More Sandhill Cranes











Sandhill Cranes Active Again


Sandhill Cranes nest on the ground and when nesting they get very quiet.  When the nestlings first hatch these big birds don’t stray far from the nest.  Yesterday, very early in the morning, I could hear Sandhill Cranes calling.  They are very vocal and can be heard for miles.


I also saw them take flight for the first time since their eggs hatched.  My conclusion is the young must be old enough to defend themselves so the parents can demonstrate to the young what these birds do.  Make noise and fly.  I found a you tube video that will let you hear them.

Today is the last chance I’ll have for fawn pictures until Thursday.


A Buck’s Curiosity

Judging by the underwhelming support I’m receiving for these deer posts, I’m guessing you folks would like me to finish this story and move on.  I’ve been taking deer pictures for several years now and this buck was one of the first deer whose photos I actually liked.  I guess because I got close enough.  When I got home and pulled the photos up on my computer, I discovered he had a wound on his nose.  I decided it had been from a fight with another buck, but as I said, it bothered me.  The time of year was wrong for bucks to be fighting.  It had been several months since they had lost their antlers.  The wound seemed only a few days or a couple weeks old at the most.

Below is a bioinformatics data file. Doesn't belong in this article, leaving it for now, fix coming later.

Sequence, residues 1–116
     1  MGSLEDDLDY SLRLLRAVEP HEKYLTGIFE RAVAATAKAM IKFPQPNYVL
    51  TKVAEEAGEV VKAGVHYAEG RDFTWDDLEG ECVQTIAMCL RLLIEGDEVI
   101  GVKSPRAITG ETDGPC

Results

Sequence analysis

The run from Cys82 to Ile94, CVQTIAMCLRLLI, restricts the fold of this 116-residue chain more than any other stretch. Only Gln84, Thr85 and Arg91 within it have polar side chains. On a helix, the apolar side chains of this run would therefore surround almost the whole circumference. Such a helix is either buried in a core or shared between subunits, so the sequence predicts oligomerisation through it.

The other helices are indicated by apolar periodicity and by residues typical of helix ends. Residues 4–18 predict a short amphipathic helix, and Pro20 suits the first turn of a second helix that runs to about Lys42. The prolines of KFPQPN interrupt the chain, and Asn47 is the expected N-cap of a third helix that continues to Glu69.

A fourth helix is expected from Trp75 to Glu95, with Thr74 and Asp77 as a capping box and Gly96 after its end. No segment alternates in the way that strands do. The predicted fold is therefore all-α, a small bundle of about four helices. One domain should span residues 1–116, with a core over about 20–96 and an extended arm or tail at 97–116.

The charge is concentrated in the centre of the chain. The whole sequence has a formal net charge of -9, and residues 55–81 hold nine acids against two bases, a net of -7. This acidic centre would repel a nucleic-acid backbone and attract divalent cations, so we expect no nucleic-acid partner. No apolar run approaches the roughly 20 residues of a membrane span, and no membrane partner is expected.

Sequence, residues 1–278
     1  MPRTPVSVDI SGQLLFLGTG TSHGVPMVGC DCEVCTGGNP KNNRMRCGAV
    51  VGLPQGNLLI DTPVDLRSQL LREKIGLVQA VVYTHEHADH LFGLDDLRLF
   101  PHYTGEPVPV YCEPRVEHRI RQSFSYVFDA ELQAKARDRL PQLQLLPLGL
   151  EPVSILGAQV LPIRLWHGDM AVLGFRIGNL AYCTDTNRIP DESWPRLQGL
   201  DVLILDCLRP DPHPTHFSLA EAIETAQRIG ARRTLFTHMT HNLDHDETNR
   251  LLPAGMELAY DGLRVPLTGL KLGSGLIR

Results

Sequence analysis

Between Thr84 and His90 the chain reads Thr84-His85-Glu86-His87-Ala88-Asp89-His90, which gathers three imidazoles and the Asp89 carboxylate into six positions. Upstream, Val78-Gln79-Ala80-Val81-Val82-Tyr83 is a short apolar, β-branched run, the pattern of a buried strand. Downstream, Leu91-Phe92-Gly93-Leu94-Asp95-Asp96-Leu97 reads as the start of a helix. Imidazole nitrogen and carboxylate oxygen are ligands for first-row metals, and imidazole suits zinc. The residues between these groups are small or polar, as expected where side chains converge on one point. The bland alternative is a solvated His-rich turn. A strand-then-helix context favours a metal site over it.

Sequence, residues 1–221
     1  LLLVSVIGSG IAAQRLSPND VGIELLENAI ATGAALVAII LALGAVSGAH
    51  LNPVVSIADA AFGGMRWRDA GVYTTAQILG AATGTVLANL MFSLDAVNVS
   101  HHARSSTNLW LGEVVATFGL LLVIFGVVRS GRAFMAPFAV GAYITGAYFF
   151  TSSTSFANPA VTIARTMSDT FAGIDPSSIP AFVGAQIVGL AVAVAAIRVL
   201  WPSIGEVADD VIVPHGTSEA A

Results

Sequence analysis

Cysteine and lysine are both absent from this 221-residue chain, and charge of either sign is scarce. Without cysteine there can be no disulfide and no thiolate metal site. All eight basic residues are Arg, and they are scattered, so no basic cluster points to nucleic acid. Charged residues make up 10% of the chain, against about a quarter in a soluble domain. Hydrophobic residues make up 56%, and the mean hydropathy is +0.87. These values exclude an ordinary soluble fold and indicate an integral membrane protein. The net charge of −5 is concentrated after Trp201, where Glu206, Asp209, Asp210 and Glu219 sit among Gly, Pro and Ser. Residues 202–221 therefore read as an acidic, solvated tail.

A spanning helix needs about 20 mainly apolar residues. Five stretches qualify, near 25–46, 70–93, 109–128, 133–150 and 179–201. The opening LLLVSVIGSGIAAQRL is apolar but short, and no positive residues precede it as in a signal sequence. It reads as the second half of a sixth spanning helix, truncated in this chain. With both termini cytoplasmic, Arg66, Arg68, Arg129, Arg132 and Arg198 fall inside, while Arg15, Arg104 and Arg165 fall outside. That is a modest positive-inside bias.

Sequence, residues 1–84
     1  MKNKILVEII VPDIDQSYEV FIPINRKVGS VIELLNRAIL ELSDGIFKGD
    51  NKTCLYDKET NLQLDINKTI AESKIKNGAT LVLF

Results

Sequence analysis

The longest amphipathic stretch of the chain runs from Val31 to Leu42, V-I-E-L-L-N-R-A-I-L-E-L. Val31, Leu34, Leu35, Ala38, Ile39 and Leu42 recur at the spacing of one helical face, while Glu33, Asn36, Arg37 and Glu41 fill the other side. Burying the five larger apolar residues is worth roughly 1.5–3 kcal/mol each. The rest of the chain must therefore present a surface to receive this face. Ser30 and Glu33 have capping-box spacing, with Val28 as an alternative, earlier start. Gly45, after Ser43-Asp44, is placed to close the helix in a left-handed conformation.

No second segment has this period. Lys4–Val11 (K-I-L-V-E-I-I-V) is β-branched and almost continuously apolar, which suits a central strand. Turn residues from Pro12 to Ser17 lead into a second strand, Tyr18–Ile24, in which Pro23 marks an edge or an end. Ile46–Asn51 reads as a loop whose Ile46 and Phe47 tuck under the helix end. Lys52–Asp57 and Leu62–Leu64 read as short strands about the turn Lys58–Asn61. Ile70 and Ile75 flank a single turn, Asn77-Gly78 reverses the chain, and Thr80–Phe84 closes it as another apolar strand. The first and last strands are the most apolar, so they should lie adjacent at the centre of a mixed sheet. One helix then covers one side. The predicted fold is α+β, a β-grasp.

Most of the time this buck is very protective of the females, but this time of year they separate, because it’s time for the does to have their fawns and they don’t need or want the buck around for that.  They each stake out their own nursery area and will not tolerate other deer in that area.  I know where several of these nursery areas are, but that does not guarantee I will find fawns.  If the does don’t want me to see their fawns, I, or anyone else for that matter, won’t see them.


When the buck separates from the females his whole demeanor changes.  He stops acting like the king of the hill, trying to impress the does with how brave he is and becomes…hmmm…in a word – friendly.